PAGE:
Rising above the crumbs: How publishers can thrive in a cookie-free world

The digital advertising industry is at a pivotal crossroads as Google finally bids goodbye to cookies. While much attention has been focused on the repercussions of cookie deprecation for audience targeting, less has been discussed about the impact on publishers who have long hosted cookies on their sites. 

Ashton De Santis, director of inventory partnerships, ANZ at The Trade Desk explains how publishers can thrive in a cookie-free world.

With estimates suggesting that as much as 75 percent of journalism’s funding comes from advertising, the stakes are high for publishers. And if advertisers suddenly lose the ability to understand who is reading the news, the value of ads will nosedive, resulting in less funding for our most trusted news.

But let’s be clear – cookies were never intended to deliver advanced digital advertising tracking. They only work in browser environments and are absent from the fastest-growing parts of the internet. In the last few years, new online environments have gained huge traction as Aussies pivoted from traditional TV and radio to streaming TV and digital audio.

It’s in these emerging digital channels where a lot of the groundwork for designing these new identity frameworks has taken place. Where authenticated, logged-in audiences are available, advertisers are placing an increased premium as they have a clear sense of who they are reaching. For example, a shared feature of all streaming services is the log-in process, which sees users create online accounts in exchange for video content. Whether the service requires a subscription fee or not, the login process is consistent.

As a result, advertisers have flocked to streaming services where ample first-party data is now available for more precise audience targeting and segmentation. This authentication process has thus created a new, premium identity fabric of the internet.

For publishers, the demise of cookies presents a significant opportunity to rethink their digital wardrobe, or rather, their approach to internet authentication in a more privacy-conscious way. Importantly, this is the time to redefine the way they engage with their audience, mirroring the adaptability shown by their counterparts in emerging platforms like streaming TV and digital audio.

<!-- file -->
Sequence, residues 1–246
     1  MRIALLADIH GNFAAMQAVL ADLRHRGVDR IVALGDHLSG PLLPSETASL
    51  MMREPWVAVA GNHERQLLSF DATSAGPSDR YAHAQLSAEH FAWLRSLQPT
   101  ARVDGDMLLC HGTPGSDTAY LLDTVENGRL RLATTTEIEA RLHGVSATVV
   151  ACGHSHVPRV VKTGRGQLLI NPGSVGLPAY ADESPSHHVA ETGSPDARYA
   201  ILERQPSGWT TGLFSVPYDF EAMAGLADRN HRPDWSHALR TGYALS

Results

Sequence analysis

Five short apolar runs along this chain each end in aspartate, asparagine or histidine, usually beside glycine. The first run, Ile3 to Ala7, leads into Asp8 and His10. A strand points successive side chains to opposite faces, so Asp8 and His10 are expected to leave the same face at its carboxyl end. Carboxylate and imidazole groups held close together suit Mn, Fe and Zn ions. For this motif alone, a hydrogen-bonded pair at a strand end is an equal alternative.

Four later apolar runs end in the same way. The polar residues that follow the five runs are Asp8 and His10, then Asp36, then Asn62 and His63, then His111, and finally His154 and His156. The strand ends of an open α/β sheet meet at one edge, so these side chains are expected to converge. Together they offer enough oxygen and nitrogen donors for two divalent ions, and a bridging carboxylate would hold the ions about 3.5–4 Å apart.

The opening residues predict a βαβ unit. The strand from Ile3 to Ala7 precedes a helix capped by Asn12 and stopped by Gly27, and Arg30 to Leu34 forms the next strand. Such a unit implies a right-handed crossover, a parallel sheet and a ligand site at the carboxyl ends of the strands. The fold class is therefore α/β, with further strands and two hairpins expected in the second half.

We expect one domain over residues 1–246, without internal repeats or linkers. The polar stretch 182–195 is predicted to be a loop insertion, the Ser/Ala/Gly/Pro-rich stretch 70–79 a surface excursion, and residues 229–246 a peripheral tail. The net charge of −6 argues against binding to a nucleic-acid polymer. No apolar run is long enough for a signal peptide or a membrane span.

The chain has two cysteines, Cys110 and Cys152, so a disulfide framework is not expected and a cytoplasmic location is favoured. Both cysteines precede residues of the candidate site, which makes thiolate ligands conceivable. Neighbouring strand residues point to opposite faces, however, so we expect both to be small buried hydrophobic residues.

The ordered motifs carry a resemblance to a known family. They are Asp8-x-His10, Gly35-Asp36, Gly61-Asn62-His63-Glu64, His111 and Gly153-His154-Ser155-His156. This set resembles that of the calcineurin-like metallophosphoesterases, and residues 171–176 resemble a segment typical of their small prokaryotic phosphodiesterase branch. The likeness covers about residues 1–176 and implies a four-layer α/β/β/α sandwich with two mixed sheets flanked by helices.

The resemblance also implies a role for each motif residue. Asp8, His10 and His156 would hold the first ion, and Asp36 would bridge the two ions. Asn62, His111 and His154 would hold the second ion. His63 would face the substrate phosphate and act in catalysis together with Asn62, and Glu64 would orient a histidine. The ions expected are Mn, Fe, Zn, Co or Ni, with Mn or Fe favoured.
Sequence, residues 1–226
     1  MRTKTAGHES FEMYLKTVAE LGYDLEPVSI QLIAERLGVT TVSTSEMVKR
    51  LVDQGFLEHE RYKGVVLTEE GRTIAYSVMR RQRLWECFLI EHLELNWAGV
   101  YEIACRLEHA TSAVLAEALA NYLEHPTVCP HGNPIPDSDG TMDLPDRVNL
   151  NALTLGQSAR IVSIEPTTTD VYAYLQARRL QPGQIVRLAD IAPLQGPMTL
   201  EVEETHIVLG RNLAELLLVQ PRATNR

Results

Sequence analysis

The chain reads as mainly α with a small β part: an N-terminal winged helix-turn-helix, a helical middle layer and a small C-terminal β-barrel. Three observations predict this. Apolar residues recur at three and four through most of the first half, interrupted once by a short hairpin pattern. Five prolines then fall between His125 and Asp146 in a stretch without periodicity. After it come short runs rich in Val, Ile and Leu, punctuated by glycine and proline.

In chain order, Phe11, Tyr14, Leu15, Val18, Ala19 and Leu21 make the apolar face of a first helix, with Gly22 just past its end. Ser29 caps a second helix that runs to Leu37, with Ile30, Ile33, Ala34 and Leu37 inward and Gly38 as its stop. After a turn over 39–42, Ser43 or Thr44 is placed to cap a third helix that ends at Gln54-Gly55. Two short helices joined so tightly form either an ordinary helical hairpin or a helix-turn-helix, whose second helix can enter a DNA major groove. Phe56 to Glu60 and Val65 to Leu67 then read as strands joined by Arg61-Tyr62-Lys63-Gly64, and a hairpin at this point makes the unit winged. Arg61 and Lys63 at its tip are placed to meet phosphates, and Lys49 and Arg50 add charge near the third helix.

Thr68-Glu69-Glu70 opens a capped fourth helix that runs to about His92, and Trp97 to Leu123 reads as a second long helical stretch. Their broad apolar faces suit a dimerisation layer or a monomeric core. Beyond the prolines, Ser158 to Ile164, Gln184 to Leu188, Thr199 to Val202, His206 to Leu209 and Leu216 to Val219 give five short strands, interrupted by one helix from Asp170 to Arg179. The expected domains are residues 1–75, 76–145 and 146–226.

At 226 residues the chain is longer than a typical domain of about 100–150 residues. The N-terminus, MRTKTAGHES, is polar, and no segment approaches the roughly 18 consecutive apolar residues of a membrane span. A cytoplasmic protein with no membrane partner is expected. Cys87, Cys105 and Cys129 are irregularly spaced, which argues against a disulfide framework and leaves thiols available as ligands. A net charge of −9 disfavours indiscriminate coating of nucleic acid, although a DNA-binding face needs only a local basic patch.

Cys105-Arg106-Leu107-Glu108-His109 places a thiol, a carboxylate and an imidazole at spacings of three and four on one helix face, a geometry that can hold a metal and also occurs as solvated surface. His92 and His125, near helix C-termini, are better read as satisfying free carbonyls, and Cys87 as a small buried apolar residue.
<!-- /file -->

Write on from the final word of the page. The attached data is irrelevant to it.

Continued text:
Thanks to the advancements within these platforms, publishers now have access to an array of identity solutions. They are by no means restricted to relying solely on Google’s Privacy Sandbox as a cookie replacement.

To make this shift, publishers must deploy new, consumer-friendly, lightweight single-sign-on authentication solutions such as OpenPass. Such login prompts don’t have to deter a user: They can show up after a certain amount of time on a page, or after the second or third page. But even a one-time engagement can help a publisher build their strategy, allowing for personalised, high-value advertising on its media properties.

In doing so, publishers can gain vital information about their users. This first-party data should be the lifeblood of any publisher, and it is this data that publishers can share with advertisers in a privacy-conscious way to preserve the value of their advertising impressions.

Next, publishers can allow advertisers to activate modern identity solutions, such as Unified ID 2.0 (UID2), so advertisers can find relevant audiences across the open internet. The movement has already started with UID2 being activated by key Aussie publishers including WA Newspapers – part of Seven West Media, Real Estate Australia, Gumtree and ACM.

Luxury Escapes is one of the many brands in Australia that has leveraged UID2 to enhance its targeting strategies. By activating UID2 on their first-party data, Luxury Escapes was able to identify a seed audience to facilitate lookalike targeting. This approach allowed them to direct their advertising to net-new customers who may share similar traits with their existing customers across the open internet. As such, Luxury Escapes saw over 250 percent higher conversion rate (CVR), 4.75 times higher return on ad spend (ROAS), and nearly 80 percent lower cost per action (CPA), compared with targeting using cookies.

The clock is ticking for publishers, but the good news is that solutions exist. It begins with adopting new identity frameworks that arm publishers with vital first-party data and provides advertisers with tailored user insights to deliver relevant ads, while upholding user privacy.

This is the new fabric of the open internet and one that publishers can wear proudly.

Ashton De Santis is director of inventory partnerships, ANZ at The Trade Desk


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